Howard Jang Brings Business Smarts to Arts

culture | BCBusiness
Howard Jang joins SFU in June

Departing Arts Club executive director to lead “cultural entrepreneurship” program at SFU, with message that it’s all about finding your audience and making your own break

If anyone knows how to bring profitability to the arts, it’s Howard Jang, who last week announced his departure from the Arts Club Theatre Co., after 14 years as executive director. Jang, who will step down at the end of June, will be joining SFU as the new director of its Cultural Unit, based in the Woodward’s development, and a professor of professional practice. He’ll also be developing a “cultural entrepreneurship program” to help students apply business strategies to their artistic careers.

Originally trained as a classical double bassist, Jang hung up his bow years ago to move into arts management. He served as executive director of Ballet B.C. and the Winnipeg Symphony Orchestra before his long tenure at the Arts Club.

BCBusiness caught up with Jang to discuss his business philosophy, and what he’ll be bringing to SFU.
What prompted this decision?
It wasn’t one of those things I was looking to move on. I would say, over the last few years, for me personally and professionally, I’ve very much been working toward and thinking a lot about the role that the arts play in developing communities, working with communities and strengthening communities. The idea to really develop a creative entrepreneurship program really intrigued me. In addition to that, my head’s still in the game; I still have to produce shows with the cultural unit. It’s a really exciting prospect to work in multiple disciplines.
Is the business side of things missing in most arts programs?
Absolutely. The creative entrepreneurship program is really meant to be getting into really deeply what it is you want to accomplish as an artist, and how to find a way to make that successful for you. Yes, at some point it’s all about the breaks that you get, but how do you create your breaks? So much of the work being done today is being done by people who create a co-op, or create a group to work together. For me, that’s the essence of creative entrepreneurship, that you really are trying to find a way to find the audience you want to find, and work with the people you need to work with.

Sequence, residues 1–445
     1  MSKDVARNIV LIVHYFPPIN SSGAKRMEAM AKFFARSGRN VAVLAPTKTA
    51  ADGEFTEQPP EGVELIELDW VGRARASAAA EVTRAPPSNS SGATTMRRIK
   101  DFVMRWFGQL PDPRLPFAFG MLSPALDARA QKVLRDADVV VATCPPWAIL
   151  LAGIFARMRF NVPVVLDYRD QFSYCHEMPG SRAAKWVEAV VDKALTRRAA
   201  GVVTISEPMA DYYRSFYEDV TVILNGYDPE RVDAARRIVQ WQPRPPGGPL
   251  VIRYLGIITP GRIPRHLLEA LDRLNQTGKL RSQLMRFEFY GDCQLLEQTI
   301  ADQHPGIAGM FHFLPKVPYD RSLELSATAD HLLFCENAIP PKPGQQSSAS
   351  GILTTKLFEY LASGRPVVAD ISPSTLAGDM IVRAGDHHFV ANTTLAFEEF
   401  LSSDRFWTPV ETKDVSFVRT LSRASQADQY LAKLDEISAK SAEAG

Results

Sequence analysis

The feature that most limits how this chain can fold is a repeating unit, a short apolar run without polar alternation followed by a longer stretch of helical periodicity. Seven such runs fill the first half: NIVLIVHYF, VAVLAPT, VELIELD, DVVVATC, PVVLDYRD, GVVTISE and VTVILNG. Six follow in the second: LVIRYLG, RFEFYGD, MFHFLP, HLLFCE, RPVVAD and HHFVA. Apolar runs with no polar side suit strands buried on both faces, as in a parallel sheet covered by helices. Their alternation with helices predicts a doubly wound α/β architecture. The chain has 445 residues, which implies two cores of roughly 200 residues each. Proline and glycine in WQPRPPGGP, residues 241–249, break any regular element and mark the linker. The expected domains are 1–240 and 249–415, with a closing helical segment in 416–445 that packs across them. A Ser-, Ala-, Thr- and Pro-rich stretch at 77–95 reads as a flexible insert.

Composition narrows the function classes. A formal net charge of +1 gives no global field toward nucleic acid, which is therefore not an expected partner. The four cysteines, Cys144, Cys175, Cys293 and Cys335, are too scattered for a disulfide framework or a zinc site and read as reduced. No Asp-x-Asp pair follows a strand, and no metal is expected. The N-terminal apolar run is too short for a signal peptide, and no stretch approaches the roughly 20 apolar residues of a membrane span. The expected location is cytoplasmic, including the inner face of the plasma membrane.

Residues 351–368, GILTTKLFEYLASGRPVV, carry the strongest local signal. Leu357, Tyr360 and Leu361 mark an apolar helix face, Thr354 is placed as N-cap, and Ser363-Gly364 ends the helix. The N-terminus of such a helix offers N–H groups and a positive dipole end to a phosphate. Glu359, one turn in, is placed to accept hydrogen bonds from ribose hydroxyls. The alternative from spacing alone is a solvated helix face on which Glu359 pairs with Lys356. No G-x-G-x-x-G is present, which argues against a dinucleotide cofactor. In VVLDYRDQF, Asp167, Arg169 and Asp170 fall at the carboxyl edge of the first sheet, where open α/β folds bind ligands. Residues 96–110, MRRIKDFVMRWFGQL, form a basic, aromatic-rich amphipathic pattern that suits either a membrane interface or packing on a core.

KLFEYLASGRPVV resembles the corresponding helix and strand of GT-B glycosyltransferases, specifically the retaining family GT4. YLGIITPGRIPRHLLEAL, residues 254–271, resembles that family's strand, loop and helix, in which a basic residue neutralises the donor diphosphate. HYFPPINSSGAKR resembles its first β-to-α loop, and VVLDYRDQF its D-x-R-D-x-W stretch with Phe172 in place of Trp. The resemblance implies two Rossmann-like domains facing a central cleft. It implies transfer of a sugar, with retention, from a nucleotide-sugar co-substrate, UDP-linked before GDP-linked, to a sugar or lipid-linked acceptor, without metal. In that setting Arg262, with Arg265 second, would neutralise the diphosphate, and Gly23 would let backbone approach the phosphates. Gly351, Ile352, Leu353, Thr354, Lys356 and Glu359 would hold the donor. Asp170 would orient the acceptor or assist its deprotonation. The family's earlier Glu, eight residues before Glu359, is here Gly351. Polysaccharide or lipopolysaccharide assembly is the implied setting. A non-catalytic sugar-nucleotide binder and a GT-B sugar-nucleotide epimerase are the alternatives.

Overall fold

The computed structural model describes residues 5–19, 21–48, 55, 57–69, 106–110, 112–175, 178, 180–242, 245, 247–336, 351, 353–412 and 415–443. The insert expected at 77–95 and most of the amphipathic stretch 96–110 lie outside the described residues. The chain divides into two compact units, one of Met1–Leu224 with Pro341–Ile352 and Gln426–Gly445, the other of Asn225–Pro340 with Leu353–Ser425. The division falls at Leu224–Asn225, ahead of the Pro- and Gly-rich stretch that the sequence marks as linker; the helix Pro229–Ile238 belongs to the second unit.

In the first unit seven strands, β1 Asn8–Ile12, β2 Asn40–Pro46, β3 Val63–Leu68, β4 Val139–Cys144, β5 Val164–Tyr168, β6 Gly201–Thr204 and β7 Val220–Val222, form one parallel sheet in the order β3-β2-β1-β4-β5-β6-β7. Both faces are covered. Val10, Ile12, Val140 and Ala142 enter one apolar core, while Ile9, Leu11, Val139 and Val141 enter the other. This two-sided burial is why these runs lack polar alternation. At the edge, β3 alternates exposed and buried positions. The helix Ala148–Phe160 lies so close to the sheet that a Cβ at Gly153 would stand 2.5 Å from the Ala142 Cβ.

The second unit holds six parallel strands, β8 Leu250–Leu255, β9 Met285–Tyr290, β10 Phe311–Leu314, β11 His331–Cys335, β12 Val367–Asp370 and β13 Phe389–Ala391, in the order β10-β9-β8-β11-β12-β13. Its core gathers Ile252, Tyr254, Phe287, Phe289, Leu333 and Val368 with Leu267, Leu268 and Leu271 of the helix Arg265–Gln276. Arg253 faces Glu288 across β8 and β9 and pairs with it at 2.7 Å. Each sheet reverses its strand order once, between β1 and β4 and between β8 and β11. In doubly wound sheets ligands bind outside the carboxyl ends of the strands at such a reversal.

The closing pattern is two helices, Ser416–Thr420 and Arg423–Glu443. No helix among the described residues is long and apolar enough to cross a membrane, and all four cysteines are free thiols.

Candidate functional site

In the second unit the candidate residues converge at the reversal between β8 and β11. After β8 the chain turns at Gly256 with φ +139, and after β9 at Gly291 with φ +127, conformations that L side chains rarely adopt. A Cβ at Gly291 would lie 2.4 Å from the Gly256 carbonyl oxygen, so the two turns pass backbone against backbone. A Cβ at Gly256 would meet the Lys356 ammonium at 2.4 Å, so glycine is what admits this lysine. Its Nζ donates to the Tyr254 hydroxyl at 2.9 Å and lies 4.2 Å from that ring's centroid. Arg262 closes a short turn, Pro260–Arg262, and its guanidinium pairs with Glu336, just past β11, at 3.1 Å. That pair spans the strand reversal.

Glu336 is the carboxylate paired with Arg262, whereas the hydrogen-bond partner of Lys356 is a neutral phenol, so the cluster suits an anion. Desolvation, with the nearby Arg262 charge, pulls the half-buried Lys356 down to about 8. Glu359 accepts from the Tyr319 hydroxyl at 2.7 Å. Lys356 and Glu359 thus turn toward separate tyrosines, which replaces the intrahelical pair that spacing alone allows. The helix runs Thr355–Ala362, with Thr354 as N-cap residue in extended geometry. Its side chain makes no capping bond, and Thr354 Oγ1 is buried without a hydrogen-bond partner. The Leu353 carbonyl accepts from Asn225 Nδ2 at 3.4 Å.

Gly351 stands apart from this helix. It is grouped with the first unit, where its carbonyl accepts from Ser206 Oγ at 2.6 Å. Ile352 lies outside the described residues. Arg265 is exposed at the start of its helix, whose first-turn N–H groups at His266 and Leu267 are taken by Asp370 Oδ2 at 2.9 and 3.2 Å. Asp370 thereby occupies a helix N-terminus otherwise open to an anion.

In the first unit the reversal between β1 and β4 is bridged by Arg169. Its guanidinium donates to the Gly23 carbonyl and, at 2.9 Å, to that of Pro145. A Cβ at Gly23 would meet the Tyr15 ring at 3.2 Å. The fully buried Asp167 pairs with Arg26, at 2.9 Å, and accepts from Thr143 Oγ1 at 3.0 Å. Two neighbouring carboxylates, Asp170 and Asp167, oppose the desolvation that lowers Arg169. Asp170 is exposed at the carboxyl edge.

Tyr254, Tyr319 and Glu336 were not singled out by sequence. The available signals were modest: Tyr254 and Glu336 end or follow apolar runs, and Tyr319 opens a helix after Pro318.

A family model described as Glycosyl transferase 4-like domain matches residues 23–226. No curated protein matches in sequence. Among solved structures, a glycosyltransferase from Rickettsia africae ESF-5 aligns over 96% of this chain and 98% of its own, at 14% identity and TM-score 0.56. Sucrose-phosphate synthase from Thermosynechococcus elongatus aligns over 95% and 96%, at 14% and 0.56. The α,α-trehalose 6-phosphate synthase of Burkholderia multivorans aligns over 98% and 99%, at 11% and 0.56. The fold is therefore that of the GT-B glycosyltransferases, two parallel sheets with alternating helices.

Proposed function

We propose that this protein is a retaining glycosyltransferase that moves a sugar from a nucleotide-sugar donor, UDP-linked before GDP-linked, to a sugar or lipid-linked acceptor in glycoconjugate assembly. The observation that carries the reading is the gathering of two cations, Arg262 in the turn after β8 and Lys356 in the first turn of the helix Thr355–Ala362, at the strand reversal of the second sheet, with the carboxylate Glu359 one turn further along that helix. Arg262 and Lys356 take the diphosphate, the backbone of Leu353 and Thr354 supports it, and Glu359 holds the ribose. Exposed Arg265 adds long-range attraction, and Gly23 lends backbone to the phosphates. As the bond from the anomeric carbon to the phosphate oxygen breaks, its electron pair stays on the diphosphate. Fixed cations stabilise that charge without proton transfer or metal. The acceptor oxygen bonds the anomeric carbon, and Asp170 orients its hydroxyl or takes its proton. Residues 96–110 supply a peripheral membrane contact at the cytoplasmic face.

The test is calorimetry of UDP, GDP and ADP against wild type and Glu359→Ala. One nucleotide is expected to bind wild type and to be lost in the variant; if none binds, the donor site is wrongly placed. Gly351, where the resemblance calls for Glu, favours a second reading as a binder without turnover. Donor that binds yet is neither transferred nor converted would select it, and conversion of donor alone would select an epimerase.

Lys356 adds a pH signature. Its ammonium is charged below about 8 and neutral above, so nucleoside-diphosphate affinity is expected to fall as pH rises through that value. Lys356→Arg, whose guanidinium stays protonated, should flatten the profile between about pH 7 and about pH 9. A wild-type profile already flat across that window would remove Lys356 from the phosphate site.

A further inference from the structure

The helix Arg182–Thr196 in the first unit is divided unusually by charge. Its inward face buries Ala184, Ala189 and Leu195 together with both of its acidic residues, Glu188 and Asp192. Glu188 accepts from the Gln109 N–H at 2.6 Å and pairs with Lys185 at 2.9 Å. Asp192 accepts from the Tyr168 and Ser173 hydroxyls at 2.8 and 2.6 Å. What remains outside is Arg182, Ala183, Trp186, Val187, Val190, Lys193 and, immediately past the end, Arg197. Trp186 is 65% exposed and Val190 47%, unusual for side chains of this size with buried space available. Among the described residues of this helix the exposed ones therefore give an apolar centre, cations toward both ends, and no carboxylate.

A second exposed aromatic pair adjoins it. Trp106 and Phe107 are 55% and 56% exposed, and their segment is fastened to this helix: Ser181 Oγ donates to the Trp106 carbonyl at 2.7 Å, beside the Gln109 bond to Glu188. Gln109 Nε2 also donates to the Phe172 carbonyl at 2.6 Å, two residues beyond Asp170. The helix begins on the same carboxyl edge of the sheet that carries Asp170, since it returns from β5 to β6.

How does creative entrepreneurship apply to larger arts organizations, like the Arts Club?
The Arts Club is a company that’s gone very much from a transactional kind of company to very relational approach to what we do. It’s like with any business, it’s understanding how to build loyalty, how to build a sense of connection and consistent connection. A lot of what I have focused on there, and I think we’ve been very successful, is building a strong sense of loyalty and appreciation. We’re one of the few companies left around that actually is still continuing to have strong, positive growth. When I started here our subscription base was about 4,000 households or so. Today we’re over 17,000. And that growth in 14 years has been just enormous and consistent. The one benchmark that I really love is the fact that we have about a 90 per cent renewal rate. That says to me that yes, it’s great to have subscribers and to convert them and all that stuff, but to really get them to come back, again and again, you have to build relationships.
So it’s about giving the audience a sense of ownership?
Oh yeah, like what SFU is doing, and what we did at the Arts Club. We worked from our neighbourhood out. We built it from around the Stanley Theatre. A study was done, and one of the things we learned was that there was such an ownership of the Stanley Theatre in that neighbourhood. I did a brochure drop literally the next day. And the return on that investment was enormous. It was in the 30 to 40 per cent range. Building from the inside out that way has been a huge lesson, and I think it’s a lesson for every business. That’s exactly what you need to do—you need to be building that loyalty. Every business depends on it.